A local paper in Dover County, Pennsylvania has outperformed The Washington Post and much of the rest of the national newsmedia. In a recent story, reporter Lauri Lebo of the York Daily Record (Some allies question Dover board’s policy, 12/19/04) discusses Discovery Institute’s disagreement with the policy on intelligent design recently adopted by the Dover school board. While there are some errors in Lebo’s story (especially in the way she describes intelligent design theory), Lebo does what many national news reporters have thus far failed to do: Correctly report that Discovery Institute does not favor mandating the teaching of intelligent design, and that it has urged the Dover school board to withdraw its current policy.
If you are surprised to learn about Discovery’s position opposing the requiring of intelligent design, you can thank the major newsmedia, which have been doing their best not to report our position. We have consistently told reporters that we don’t favor requiring the teaching of intelligent design, and that we do not favor the Dover policy. But the reporters who interview us often refuse to disclose this fact to readers.
A prime example is The Washington Post. In the article “Fresh Challenges in the Old Debate over Evolution” (December 7, p. A-14), Post reporter Valerie Strauss writes at length about supposed efforts around the nation to impose the teaching of intelligent design. Strauss cites Discovery Institute in her story, but fails to disclose Discovery’s opposition to mandating the teaching of design. As I told Ms. Strauss in our interview,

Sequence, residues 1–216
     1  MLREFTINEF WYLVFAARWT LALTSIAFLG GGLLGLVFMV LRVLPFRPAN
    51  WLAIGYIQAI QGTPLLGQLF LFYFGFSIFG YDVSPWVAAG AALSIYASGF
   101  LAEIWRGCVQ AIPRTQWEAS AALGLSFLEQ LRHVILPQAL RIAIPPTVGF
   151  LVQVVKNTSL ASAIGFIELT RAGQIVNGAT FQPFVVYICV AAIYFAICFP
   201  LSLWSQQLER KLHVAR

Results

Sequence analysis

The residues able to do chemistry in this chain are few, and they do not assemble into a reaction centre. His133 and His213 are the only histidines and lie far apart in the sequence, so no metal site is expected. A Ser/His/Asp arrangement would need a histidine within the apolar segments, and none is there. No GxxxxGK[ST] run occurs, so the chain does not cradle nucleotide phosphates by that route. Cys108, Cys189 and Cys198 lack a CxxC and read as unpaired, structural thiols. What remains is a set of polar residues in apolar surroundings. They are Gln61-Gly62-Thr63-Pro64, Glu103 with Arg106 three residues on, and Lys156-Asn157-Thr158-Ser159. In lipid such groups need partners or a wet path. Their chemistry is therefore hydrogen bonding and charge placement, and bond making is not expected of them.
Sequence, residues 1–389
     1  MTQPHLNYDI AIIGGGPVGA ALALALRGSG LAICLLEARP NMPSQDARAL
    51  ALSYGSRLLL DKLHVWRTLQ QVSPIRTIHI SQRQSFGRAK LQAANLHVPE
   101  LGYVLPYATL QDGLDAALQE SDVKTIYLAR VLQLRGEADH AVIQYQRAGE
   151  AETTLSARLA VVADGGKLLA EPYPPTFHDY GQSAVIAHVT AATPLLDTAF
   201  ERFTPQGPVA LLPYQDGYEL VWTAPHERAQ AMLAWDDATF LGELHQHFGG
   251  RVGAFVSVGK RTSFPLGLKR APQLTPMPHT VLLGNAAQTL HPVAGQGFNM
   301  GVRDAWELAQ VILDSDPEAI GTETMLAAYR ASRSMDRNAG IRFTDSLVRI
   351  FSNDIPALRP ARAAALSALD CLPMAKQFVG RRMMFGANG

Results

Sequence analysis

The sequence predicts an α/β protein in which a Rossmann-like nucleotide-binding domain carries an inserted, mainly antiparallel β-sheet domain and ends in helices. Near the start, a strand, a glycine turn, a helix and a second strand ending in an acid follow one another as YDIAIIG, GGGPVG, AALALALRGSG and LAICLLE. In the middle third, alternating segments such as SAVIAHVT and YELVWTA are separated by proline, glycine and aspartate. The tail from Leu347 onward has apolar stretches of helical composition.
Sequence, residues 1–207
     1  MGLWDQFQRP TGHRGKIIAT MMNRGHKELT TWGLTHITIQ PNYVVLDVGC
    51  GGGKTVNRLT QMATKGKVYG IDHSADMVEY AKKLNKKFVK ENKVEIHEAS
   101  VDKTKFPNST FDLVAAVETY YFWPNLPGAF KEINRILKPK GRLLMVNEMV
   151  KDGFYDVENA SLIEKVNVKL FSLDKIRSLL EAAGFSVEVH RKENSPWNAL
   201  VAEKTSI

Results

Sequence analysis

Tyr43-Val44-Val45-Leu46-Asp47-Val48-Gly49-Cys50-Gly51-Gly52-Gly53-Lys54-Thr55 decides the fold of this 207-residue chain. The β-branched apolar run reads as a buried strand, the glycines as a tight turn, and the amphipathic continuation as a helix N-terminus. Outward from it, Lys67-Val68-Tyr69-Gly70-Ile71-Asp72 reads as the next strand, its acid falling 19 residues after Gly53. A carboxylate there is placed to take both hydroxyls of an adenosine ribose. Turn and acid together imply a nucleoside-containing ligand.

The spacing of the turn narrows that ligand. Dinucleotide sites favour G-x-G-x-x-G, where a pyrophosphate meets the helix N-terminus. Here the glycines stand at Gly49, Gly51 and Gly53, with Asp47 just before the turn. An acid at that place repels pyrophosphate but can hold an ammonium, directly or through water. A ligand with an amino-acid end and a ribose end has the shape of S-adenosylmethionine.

Discovery Institute does not favor mandating the teaching of design. We merely recommend that schools teach evolution more critically–exposing students to some of the peer-reviewed scientific (not religious) criticisms of modern evolutionary theory along with the scientific evidence favoring evolutionary theory. We have advocated this approach in a number of states, including Ohio and Minnesota.
I told Ms. Strauss that the model lesson plan on the critical analysis of evolution adopted by the State Board of Education in Ohio is a good example of what we favor. That model lesson plan does not teach intelligent design or any other alternative to evolutionary theory. Yet nowhere in the Post article is Discovery Institute’s real view presented. Instead we are misleadingly cited as part of a movement to insert intelligent design into school curricula across the nation. While we support academic research and writing on intelligent design, we do not advocate requiring intelligent design to be taught in public schools. Why did the Post essentially suppress our real viewpoint from the story? Don’t readers have the right to know our real view rather than a caricature of it?